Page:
As we are exploring the different advanced driver assistance systems (ADAS), our ongoing ADAS series has looked at automatic emergency braking (AEB), long-range radar typically used in adaptive cruise control (ACC), and the forward-facing camera and the multiple roles it plays in ADAS. Today’s installment will take a look at the blind spot detection system.
Blind spot detection systems have been around for a while and are now found on most new vehicles sold in the United states. This simple yet effective ADAS feature alerts the driver that obscured vehicles are in close proximity, and which side of the vehicle they are on.
Typically, blind spot detection systems consist of a radar sensor mounded at each corner of the rear of the vehicle. They are often mounted to the lower quarter panel, rear body panel, or to the inside of the rear bumper cover. You may also find the sensors mounted behind the taillamps or the steps on the corner of steel bumpers found on some vehicles.
Some vehicles have cameras that are used as the inputs for the blind spot system, while others utilize ultrasonic parking sensors either independently or in addition to the radar sensors. For the purpose of this article, we will focus on the commonly found radar sensors used as the inputs for these systems.
The radar sensors transmit a high-frequency radio signal that reflects off objects and returns to the sensor. The time it takes to receive a return signal is used to determine the presence of an object and the vehicle’s distance from that object. Being that these are short-range radar, the distance is less relevant than say the long-range radar for adaptive cruise control (ACC) or automatic emergency braking (AEB) systems. These sensors really just need to be able to identify if there is an object present in the predetermined field of vision.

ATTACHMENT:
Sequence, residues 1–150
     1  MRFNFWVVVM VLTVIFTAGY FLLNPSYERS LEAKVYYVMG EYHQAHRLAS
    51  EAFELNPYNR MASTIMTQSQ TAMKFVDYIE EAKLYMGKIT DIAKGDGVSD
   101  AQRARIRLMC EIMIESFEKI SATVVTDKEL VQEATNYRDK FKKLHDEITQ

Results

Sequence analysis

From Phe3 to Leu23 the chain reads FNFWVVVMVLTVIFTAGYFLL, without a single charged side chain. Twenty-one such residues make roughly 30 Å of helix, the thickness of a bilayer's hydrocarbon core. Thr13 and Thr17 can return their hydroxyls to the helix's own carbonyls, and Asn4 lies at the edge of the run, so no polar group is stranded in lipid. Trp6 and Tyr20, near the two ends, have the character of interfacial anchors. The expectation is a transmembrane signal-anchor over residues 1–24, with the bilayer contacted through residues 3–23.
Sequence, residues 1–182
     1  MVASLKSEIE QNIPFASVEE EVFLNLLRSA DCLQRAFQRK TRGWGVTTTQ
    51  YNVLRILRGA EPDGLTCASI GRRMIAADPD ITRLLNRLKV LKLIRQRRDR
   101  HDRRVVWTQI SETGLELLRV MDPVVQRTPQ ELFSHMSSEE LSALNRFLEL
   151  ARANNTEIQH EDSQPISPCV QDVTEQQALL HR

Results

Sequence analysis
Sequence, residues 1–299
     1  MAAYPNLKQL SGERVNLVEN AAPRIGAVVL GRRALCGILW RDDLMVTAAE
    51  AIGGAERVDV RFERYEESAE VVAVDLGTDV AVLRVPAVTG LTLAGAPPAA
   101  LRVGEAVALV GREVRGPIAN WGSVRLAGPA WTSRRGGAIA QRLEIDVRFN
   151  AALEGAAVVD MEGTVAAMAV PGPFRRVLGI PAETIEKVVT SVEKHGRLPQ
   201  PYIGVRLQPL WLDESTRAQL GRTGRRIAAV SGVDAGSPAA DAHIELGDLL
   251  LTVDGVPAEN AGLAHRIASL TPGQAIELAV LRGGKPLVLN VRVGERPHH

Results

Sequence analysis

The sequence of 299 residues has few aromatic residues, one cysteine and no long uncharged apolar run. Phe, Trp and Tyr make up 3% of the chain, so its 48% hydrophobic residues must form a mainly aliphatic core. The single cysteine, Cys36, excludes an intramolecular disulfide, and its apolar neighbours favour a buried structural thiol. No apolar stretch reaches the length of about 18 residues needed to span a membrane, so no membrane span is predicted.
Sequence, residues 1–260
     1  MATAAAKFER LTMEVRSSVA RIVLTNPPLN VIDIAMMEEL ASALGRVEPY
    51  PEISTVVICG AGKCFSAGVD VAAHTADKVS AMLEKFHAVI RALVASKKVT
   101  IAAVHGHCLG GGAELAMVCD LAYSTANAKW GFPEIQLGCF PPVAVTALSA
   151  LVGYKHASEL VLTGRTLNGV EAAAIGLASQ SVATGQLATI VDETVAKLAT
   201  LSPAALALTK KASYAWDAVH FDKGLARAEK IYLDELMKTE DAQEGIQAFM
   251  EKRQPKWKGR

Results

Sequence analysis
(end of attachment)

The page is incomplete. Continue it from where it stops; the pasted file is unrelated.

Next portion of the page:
Generally, the radar sensors are set up as a primary module and secondary. The secondary module communicates to the primary module, which communicates to other systems. If the secondary module detects an object, the secondary module will tell the primary module that it sees an object. The primary module, generally, will then talk to a different module to issue an alert.
When the system is turned on and an object is detected, warnings will be sent to the driver to let them know. These warnings can come in many different forms such as a visual indicator on the side mirrors or dash, an audible alert, a vibration in the steering wheel, and even vibrations in the left or right side of the seat to indicate which side of the vehicle the object was detected.
Often the systems use a combination of these warnings. The exact combination can vary between vehicles and can even be based on the proximity of the detection. Some systems go beyond merely detecting and will steer the vehicle back to its lane if the turn signal is activated and a lane change is initiated while an object is detected in the adjacent lane.
Often you will find that a vehicle equipped with a blind spot detection system will also be equipped with a rear cross traffic system. This is because most rear cross traffic systems utilize the same components used for the blind spot detection systems. Rear cross traffic systems go by many different names, but they all do the same thing. They detect traffic from the left or right rear of the vehicle when the vehicle is shifted into reverse. As stated earlier, sometimes the ultrasonic sensors are utilized in addition to the radar sensors. This typically allows for better detection and warning than with radar sensors alone.